Twitter’s new China head was a People’s Liberation Army engineer who worked on military security

This story has been corrected.

Twitter’s deeper foray into China is upsetting the social network’s small but dedicated group of Chinese users—who say the company’s newest hire is a troubling sign that Twitter could be introducing Beijing-style censorship to the world, not free speech to China.

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Kathy Chen, Twitter’s first-ever China managing director, is a former employee of the People’s Liberation Army who worked for a joint venture partly owned by China’s Ministry of Public Security, according to her public online profile in China and various news reports.

Yaxue Cao, a Chinese activist who lives in Washington DC, outlines Chen’s professional association with Chinese state-affiliated enterprises, drawing from Baidu’s Wkipedia-esque Baike entry and other media on BBC China and scholar He Qinglian have also traced her employment history.

Before working at Microsoft and Cisco, Chen once held a seven-year stint researching missile defense at the People’s Liberation Army, they say. After working in sales at PC vendor Compaq and network equipment provider 3COM, Chen became CEO of CA-Jinchen, a software joint venture between California-based CA Technologies and China’s Ministry of Public Security.

The company ostensibly made network security and anti-virus software for Chinese government agencies. But as He Qinglian points out, the word “security” is often a euphemism for “surveillance” (link in Chinese) in China—where the internet is closely monitored for messages that criticize the Communist Party government, and users can be severely punished for what they write with long jail sentences.

Given Chen’s pedigree at state-owned enterprises as well as international firms, she is a likely to be a well-connected member of China’s ruling Communist Party, Cao writes:

Chen is without a doubt a Chinese Communist Party member, based on a common sense understanding of China. She has been through the most strict and exacting process of political examination, and has been found by the Party to be reliable.

A Twitter spokesman told Quartz Chen had never been a member of the Communist Party, and stressed her focus would be on sales. “Under Kathy Chen’s leadership, we will provide more of Twitter Inc.’s enterprise offerings—such as advertising, customer service, data analytics and developer platforms—to Chinese businesses and startups to help them reach a global audience,” he said.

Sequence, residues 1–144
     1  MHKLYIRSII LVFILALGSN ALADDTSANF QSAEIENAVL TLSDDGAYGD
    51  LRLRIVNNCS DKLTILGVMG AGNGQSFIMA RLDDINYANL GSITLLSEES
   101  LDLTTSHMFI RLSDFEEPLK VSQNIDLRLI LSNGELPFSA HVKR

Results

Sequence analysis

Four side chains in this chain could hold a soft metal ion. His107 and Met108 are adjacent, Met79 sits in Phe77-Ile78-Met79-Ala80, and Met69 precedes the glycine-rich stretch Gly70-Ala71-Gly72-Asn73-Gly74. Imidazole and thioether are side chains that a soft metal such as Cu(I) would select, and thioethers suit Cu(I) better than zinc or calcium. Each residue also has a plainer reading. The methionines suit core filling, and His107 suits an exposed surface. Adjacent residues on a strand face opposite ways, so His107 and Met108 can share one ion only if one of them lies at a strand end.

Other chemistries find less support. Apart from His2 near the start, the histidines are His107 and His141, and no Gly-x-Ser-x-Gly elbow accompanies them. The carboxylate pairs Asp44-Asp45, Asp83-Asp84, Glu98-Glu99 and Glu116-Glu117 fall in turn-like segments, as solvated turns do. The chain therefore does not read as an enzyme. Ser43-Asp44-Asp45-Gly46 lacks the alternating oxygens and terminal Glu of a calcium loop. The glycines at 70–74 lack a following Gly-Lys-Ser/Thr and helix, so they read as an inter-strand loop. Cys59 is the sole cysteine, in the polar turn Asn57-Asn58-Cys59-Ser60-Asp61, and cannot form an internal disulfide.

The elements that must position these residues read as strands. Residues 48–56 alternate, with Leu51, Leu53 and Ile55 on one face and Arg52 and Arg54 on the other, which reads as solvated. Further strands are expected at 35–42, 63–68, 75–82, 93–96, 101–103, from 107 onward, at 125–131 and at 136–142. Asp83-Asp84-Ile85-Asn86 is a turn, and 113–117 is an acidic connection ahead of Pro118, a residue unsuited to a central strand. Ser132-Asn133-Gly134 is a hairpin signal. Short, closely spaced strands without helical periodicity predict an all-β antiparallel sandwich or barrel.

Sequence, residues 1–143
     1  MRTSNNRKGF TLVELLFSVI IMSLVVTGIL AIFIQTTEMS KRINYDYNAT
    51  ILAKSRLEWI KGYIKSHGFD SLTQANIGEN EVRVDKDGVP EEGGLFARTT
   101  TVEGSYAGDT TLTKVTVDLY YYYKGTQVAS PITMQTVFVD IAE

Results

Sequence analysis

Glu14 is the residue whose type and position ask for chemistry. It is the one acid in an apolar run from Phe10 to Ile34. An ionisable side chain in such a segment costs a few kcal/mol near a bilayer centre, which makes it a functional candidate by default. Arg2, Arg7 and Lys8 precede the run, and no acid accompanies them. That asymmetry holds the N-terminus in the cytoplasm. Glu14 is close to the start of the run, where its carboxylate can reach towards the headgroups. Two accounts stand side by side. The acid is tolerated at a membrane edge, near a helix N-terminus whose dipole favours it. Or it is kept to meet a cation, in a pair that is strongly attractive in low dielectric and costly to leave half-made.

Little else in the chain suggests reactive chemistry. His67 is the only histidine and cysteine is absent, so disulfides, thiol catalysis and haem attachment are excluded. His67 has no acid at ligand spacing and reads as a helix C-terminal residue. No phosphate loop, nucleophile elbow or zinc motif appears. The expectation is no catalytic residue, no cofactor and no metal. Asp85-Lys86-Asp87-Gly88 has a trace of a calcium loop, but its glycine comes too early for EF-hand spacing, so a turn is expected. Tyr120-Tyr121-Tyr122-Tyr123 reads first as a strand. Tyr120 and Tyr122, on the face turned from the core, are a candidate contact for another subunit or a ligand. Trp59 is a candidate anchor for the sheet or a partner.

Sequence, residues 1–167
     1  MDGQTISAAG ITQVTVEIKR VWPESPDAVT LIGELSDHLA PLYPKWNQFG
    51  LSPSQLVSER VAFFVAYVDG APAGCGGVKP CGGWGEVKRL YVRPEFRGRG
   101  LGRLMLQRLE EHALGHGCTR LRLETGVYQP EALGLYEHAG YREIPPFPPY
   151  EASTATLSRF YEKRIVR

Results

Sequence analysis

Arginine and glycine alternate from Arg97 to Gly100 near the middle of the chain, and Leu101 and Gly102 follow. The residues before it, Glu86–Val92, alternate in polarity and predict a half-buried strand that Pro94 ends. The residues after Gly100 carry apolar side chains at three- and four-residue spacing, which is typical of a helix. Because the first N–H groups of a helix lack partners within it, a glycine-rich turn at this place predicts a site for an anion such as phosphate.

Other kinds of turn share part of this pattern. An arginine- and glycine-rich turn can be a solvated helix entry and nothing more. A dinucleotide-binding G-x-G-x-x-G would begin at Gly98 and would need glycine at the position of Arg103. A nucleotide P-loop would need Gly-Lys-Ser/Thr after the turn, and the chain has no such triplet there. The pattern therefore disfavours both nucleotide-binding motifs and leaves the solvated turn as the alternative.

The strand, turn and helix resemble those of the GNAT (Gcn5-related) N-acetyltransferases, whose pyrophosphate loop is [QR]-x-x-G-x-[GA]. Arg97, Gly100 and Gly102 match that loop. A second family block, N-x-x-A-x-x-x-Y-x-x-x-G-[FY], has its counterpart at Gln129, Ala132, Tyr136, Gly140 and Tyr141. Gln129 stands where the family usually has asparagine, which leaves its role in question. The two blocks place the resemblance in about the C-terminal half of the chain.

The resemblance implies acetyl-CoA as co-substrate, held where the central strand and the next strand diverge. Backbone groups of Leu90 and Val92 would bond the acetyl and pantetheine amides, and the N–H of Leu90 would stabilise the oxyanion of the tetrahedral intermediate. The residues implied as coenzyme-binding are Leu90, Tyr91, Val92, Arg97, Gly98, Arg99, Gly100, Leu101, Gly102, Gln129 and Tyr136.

Still, the appointment did not sit well with China Twitter users, a small but thriving community of about 18,000 who head to the social network to discuss issues that would otherwise get censored, or them in trouble. (The Chinese government rendered Twitter inaccessible from within its borders in June 2009. Since then, users inside mainland China can only use the social network after activating a virtual private network.)

“Netizens from China and Hong Kong may start to exercise self-censorship while they’re posting tweets,” Dr. Wai Ling Yeung, the former head of Chinese Studies at Curtin University in Perth, Australia and an avid Twitter user, said in an interview with Quartz. “Even more of them will probably choose to abandon this platform altogether in order to avoid surveillance.”

Chen’s background certainly indicates Twitter is looking to form closer relationships with the China’s biggest companies, including state-run ones—much like many other US tech companies.

Chen’s early remarks support this theory. She plans to reach out to “Chinese businesses and state-owned enterprises,” she said in an interview with the South China Morning Post. She had never used Twitter before joining the company, but some of her first replies were to Xinhua and CCTV, state media outlets who Beijing asked recently to pledge their “absolute loyalty” to the party.″>

An earlier headline on this story mistakenly identified Chen as a member of China’s Communist Party.

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